Immigrant entrepreneurs and small business owners contribute to local economies, often forming the backbone of neighborhoods. As part of his November announcement on immigration executive action, President Obama signed a presidential memorandum that creates a White House Task Force on New Americans to explore ways to strengthen federal immigrant and refugee integration. The task force will engage with community, business, and faith leaders, as well as state and local elected officials, to “help determine additional steps the Federal Government can take to ensure its programs and policies are serving diverse communities that include new Americans.” On February 9, as part of a “call for ideas” to help shape this strategy, individuals and organizations from across the U.S. submitted a comprehensive set of recommendations to the Task Force on New Americans about how to encourage immigrant and refugee entrepreneurship and small business development.
When it comes to immigrant entrepreneurship, many organizations recommend the Task Force should consider leveraging and utilizing the Small Business Administration’s (SBA) nationwide network of local Small Business Development Centers. This could be done in partnership with local place-based initiatives and organizations to reach immigrants in their area. The Migration Policy Institute’s (MPI) National Center on Immigrant Integration Policy, for instance, recommends that the SBA evaluate the effectiveness of its Small Business Development Centers’ programming in meeting the needs of immigrants and refugees, including offering multilingual services, for example.
Welcoming America suggested the Task Force should push the SBA to participate in a local-federal program and capitalize on high rates of immigrant entrepreneurship. Additionally, SBA could also “use business tour exchanges to build relationships between immigrant and U.S. born entrepreneurs, suppliers, and consumers.” Furthermore, SBA could recognize and/or certify businesses that promote a welcoming environment.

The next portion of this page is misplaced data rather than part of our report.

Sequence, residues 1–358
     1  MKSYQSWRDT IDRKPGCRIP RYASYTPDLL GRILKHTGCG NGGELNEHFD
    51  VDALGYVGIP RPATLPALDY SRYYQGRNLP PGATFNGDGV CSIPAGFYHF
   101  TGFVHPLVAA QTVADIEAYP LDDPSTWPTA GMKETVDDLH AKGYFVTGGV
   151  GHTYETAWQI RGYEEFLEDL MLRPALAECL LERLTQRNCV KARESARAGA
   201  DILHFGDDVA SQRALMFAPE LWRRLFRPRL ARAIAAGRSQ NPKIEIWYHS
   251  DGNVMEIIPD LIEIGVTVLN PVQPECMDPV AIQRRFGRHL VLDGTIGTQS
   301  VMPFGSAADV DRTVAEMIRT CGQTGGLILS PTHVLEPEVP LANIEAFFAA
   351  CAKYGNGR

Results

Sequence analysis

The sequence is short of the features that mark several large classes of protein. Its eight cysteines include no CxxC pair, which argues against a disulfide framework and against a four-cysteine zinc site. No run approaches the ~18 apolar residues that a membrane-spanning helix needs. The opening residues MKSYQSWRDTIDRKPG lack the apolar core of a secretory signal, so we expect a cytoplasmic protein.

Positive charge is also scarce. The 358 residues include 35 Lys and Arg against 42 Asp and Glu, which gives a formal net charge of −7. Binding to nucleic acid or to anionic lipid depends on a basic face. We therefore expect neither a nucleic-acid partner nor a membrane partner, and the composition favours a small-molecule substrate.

Focusing particularly on strengthening immigrant integration as a component of economic development, WE (Welcoming Economies) Global Network recommends the Task Force consider ways of partnering SBA entrepreneurship programs and funding with existing immigrant entrepreneurship programs and organizations that are well-established in an immigrant community. The Task Force could also explore utilizing “federal resources, including Department of Commerce Economic Development Administration grants, Office of Refugee Resettlement funds, and U.S. Small Business Administration funds, to support immigrant entrepreneurship programs, as well as microloan and other lending pools.”
The National Partnership for New Americans recommends that the Task Force work with government agencies to explore how existing economic development programs can serve immigrants and refugees in U.S. cities and towns. Particularly, they suggest better identifying and addressing “the challenges these programs face in reaching and effectively serving immigrant business owners and immigrant-serving organizations that work to support them, including issues of language access and cultural competency.”
Among many other suggestions around civic, economic, and linguistic integration, each of these organizations offered recommendations to the Task Force for exploring ways to leverage resources and expertise to strengthen immigrant entrepreneurship. By March 20, the Task Force will submit a National Integration Plan to President Obama. But the recommendations for that plan are just one component of these organizations’ broader emphasis on a comprehensive approach to immigrant integration. In its recommendations to the Task Force, Welcoming America stated that “every day, communities around the country and across the globe are recognizing that being welcoming makes them more economically competitive and vibrant places for all residents.” The federal government, they say, has a unique role to make sure communities use “the competitive advantage that comes from creating a welcoming climate.” The Task Force should keep in mind these recommendations from a diverse array of national, state, and local organizations and consider how best to use them to increase the economic power immigrants give to cities across the country.
Photo Courtesy of New Women New Yorkers.
FILED UNDER: Business, Entrepreneurship, Executive Branch, featured, New Americans, Welcoming Initiatives